CONRAD ONYANGO, BIRD STORY AGENCY
A rise in the demand for top talent and robust growth in Africa’s technology sector will drive far faster growth in private wealth in some of Africa’s smaller economies – particularly, Uganda, Rwanda, Zambia and Mozambique – over the next decade, according to Africa Wealth Report 2022.
The report projects private wealth growth of at least 50 percent by 2031 in these markets.
“It will be driven by especially strong growth in the technology and professional services sectors,” according to the latest report by research firm New World Wealth and Henley & Partners, which helps high-net-worth individuals to acquire residence or citizenship through investment.
East African countries are set to record the biggest wealth growth in the coming decade, driven by an over-60-percent rise in Uganda and Rwanda, with Zambia rising from a negative position and Mozambique also tipped to see a rise of more than 50 percent.
Rwanda and Zambia are ranked at the bottom of the table of Africa’s 17 “wealthiest”, with total private wealth of 11 billion US dollars and 14 billion US dollars respectively.
Uganda is ranked 12th, with 37 billion US dollars and Mozambique is in position 14, with 20 billion US dollars after increasing its total wealth by 20 percent since 2011.
“The tide is swinging in the direction of smaller emerging economies. The delta in new wealth creation has been strongest in countries such as Mauritius and Rwanda,” said Venture capitalist and MyGrowthFund Venture Partners, Chief Executive Officer, Vusi Thembekwayo.
Over the last decade, Mauritius (74 percent), Rwanda (60 percent) and Ethiopia (50 percent) have been the fastest-growing wealth markets in Africa.
Mauritius is the 10th wealthiest country in Africa in terms of absolute total private wealth but ranks top in the continent in terms of wealth per capita.
A growing recognition by these economies that they can attract substantial capital if they have the right regulatory framework and are able to position themselves as preferred investment destinations have also been linked to the shifting tide in wealth creation across the continent.
“The new economies that are built on technologies, driving inclusion and the now in-vogue environmental, social and corporate governance criteria are attracting new capital into the fold and creating more liquidity in the secondary capital markets,” said Thembekwayo.
South Africa, Egypt, Nigeria, Morocco and Kenya are the current ‘Big 5’ wealth markets in Africa, accounting for over 50 percent of the continent’s total wealth.
However, the over-50-percent growth projections in Kenya and Morocco over the next decade could alter the current ranking in the top wealth tier.
Already, the wealth creation rate of the top three incumbents, South Africa (12 percent), Egypt (23 percent) and Nigeria (27 percent) have declined in the last 10 years.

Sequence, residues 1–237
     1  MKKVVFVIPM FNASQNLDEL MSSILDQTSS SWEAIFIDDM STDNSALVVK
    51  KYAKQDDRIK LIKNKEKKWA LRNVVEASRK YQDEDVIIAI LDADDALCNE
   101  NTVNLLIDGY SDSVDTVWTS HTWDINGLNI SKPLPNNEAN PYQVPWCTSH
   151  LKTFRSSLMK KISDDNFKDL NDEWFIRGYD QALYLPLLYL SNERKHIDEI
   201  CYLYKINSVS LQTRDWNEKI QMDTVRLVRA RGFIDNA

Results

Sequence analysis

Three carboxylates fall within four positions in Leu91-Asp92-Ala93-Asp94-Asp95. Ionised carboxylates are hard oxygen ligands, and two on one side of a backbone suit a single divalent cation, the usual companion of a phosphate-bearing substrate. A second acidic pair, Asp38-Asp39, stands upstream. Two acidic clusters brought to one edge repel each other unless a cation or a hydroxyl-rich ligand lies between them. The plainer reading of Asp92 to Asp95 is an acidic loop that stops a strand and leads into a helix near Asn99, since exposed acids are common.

The report has projected overall wealth growth of 38 percent for Africa in the next decade, to 3 trillion dollars – a move that could begin to bridge inequality as wealth creation spreads across bigger and smaller economies through investment migration.
Group Head of Private Clients Henley & Partners, Dominic Volek said Africa is growing as an investment migration market in line with sustained global growth over the last 25 years.
“The appeal of investment migration for affluent families is truly universal due to its many benefits, ranging from domicile diversification to global mobility enhancement, to accessing world-class education and healthcare, to having a plan B in times of turmoil,” said Volek.
However, while the growth in the tech ecosystem and the growing need for skilled workers is attracting inward migration to key African economies, especially from other African countries, migration out of Africa has increased in some key markets.
According to Volek, there has been an overall increase of 18 percent in enquiries from Africans seeking either alternative residence or citizenship or both, last year. By the end of Q1 2022, the number of enquiries was 29 percent higher than the total for 2021.
South Africa, Nigeria and Egypt were Africa’s top three investment migration markets, with active investment migration both inwards and outwards.
Algeria and Morocco were joint-4th, and Ghana took 5th place in terms of the number of applications received for investment migration programs over the period.
A notable surge of interest from Algerians (up 70 percent) and Tunisians (up 63 percent) over the whole of 2021 was also recorded in the first quarter of 2022.